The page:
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It is not surprising, but still disconcerting, that the Obama administration and congressional Republicans are continuing to play chicken with the fiscal cliff. They risk wrecking the national economy and, along with it, the finances of tens of millions of Americans.

Despite faintly optimistic signs recently from Republicans and Democrats, talks are roughly where they have been: nowhere. With only until the end of this month remaining, neither side is bargaining seriously – not yet. There are reasons for that, having to do with politics and strategy, but we suspect that’s of little comfort to those Americans who are simultaneously facing the prospects of a sudden increase in their taxes and severe cuts in government programs. What they want to see is something novel: prompt and responsible action in Washington.

They probably won’t get it. There is little incentive for Congress to act until nearer the end of the month, given the stakes involved. If Republicans quickly consent to higher tax rates on wealthy Americans or Democrats agree too soon to changes in Social Security or Medicare, they will set off howls of protest among their bases.

Better to wait, the strategy goes, eventually make the case that you negotiated the best deal possible at the deadline, then get out of town. It might also even matter that, come January, a new Congress will convene, not the one that angered true believers on the left and the right.

The way the political stars have aligned on this issue also gives President Obama significant leverage over congressional Republicans. If the nation goes over the fiscal cliff, the Bush tax cuts will come to end and all tax rates will rise to their level of early 2001.

Obama, who favors the end of those cuts only for the wealthiest Americans, could then demand that Congress pass a new set of tax cuts for the middle class and let Republicans decide whether to go along or be identified as the party that sank the middle class. Republicans might prefer to use their leverage to get a better deal before the cuts expire.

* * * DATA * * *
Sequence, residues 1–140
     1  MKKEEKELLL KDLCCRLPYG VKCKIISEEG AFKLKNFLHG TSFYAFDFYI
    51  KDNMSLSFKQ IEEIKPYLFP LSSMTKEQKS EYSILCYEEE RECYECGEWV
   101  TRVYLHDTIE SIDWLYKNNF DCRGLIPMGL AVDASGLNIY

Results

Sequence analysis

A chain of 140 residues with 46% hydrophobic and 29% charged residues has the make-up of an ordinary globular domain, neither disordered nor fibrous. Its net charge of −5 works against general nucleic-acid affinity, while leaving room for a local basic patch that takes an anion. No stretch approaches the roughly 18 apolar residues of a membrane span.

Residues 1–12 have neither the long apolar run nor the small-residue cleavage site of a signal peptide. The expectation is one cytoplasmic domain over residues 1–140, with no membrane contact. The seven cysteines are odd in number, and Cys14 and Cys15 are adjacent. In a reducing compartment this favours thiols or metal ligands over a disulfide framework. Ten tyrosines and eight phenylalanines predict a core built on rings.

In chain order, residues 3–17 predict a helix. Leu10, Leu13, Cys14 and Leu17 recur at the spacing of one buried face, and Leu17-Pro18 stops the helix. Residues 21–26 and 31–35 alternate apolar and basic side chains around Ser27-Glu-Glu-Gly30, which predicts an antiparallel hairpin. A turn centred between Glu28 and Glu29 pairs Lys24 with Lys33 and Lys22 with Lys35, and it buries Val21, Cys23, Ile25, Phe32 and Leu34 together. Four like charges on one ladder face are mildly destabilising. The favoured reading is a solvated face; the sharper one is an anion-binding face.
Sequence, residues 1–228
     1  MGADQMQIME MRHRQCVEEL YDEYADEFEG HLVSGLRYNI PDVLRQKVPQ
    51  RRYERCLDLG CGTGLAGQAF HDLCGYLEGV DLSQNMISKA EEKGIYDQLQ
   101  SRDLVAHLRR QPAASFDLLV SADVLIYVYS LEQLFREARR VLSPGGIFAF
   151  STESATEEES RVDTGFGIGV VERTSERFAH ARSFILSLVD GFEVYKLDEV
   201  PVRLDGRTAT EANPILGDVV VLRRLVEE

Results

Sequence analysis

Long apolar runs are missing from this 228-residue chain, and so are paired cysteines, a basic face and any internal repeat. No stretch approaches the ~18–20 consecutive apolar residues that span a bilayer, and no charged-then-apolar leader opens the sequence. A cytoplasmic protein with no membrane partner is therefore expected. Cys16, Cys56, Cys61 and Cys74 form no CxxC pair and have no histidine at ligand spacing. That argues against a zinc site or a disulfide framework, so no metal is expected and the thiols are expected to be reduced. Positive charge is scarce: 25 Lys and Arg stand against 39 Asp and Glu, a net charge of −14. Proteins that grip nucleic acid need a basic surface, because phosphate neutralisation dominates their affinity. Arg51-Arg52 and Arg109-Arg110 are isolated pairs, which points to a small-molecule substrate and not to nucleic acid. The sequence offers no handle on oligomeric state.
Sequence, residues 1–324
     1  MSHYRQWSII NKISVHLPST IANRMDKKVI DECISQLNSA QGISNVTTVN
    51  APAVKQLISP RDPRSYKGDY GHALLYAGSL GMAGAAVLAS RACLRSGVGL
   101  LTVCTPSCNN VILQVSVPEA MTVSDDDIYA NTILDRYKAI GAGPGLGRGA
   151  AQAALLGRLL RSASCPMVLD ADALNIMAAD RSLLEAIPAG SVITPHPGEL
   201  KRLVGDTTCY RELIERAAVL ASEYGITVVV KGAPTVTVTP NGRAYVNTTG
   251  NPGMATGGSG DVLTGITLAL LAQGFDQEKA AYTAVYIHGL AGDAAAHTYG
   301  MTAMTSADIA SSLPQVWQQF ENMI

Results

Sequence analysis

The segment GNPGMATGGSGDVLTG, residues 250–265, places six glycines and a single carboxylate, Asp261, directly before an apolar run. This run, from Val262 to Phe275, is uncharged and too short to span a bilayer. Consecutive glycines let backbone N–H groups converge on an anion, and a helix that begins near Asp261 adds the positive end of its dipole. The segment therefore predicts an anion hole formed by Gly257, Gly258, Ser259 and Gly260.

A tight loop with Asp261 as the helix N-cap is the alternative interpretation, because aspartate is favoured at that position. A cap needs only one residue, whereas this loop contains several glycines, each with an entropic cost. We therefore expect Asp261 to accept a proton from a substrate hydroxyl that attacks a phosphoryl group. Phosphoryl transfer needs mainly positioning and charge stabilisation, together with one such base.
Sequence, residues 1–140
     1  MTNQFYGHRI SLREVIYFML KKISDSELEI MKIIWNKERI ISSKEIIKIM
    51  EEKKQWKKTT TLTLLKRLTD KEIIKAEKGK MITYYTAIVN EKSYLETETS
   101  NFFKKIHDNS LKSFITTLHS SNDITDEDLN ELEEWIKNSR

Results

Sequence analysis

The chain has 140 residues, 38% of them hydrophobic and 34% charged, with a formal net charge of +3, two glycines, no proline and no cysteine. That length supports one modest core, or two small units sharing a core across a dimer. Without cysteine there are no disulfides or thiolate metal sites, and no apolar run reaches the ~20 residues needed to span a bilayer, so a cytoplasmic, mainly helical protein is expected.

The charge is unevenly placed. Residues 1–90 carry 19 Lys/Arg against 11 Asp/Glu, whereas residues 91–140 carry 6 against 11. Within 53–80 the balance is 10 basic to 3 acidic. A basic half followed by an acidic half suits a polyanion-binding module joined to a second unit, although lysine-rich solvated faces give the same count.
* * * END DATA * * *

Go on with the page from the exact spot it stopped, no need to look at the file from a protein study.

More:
And Republicans have an important point to make here. With deficits of $1 trillion a year, something has to give. Those deficits were defensible – critical, even – given the economic crisis that gripped the country, but they can’t go on forever.

What is more, entitlements are growing out of control, especially Medicare and Medicaid. They demand attention. In truth, Congress should have been discussing those issues for the past several months, because it is unlikely verging on impossible that a deal on so complex and politically fraught a subject can be hammered out in the next three weeks.

Still, that’s where the deal is to be made. Republicans give up on protecting the wealthiest Americans from paying higher taxes and Democrats give ground on important but expensive social programs that scream to be reformed.

Obama is insisting that Republicans step up with a plan and, given the way Republicans gamed his effort at compromise throughout his first term, it’s hardly surprising. In the wake of an election in which Americans decisively re-elected Obama and even gave Democrats some extra seats in the House and Senate, Obama is dealing from a position of strength.

On Monday, Republicans offered a proposal that Obama declared a nonstarter, just as Republicans had rejected the plan he forwarded last week.

So, fine. Each side has staked its starting point, which is much more than they actually expect to get. Now it’s time for the real deal-making to begin. Obama and Republicans have to get serious and strike the bargain that awaits and that will, as it happens, serve the national interest. This isn’t as hard as they want Americans to believe.